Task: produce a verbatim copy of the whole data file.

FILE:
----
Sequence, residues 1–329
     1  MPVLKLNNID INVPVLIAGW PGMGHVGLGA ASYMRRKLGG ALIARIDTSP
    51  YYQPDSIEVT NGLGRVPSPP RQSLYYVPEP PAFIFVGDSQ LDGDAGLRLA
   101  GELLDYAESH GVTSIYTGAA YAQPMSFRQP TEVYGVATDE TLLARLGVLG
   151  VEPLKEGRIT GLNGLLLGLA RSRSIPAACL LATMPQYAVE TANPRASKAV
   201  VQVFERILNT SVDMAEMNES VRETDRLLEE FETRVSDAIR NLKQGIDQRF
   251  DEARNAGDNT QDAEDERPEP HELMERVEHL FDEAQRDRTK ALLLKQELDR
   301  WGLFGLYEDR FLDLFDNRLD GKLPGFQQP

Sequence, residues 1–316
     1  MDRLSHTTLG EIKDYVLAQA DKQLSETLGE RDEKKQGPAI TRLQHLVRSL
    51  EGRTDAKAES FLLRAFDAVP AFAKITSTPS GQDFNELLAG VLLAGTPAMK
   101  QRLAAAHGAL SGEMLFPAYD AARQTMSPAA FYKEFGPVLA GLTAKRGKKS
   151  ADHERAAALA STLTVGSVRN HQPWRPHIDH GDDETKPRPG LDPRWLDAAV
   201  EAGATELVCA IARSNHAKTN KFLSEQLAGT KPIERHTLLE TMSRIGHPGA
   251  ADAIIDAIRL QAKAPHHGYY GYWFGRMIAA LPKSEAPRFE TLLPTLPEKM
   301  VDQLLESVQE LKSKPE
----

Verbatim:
Sequence, residues 1–329
     1  MPVLKLNNID INVPVLIAGW PGMGHVGLGA ASYMRRKLGG ALIARIDTSP
    51  YYQPDSIEVT NGLGRVPSPP RQSLYYVPEP PAFIFVGDSQ LDGDAGLRLA
   101  GELLDYAESH GVTSIYTGAA YAQPMSFRQP TEVYGVATDE TLLARLGVLG
   151  VEPLKEGRIT GLNGLLLGLA RSRSIPAACL LATMPQYAVE TANPRASKAV
   201  VQVFERILNT SVDMAEMNES VRETDRLLEE FETRVSDAIR NLKQGIDQRF
   251  DEARNAGDNT QDAEDERPEP HELMERVEHL FDEAQRDRTK ALLLKQELDR
   301  WGLFGLYEDR FLDLFDNRLD GKLPGFQQP

Sequence, residues 1–316
     1  MDRLSHTTLG EIKDYVLAQA DKQLSETLGE RDEKKQGPAI TRLQHLVRSL
    51  EGRTDAKAES FLLRAFDAVP AFAKITSTPS GQDFNELLAG VLLAGTPAMK
   101  QRLAAAHGAL SGEMLFPAYD AARQTMSPAA FYKEFGPVLA GLTAKRGKKS
   151  ADHERAAALA STLTVGSVRN HQPWRPHIDH GDDETKPRPG LDPRWLDAAV
   201  EAGATELVCA IARSNHAKTN KFLSEQLAGT KPIERHTLLE TMSRIGHPGA
   251  ADAIIDAIRL QAKAPHHGYY GYWFGRMIAA LPKSEAPRFE TLLPTLPEKM
   301  VDQLLESVQE LKSKPE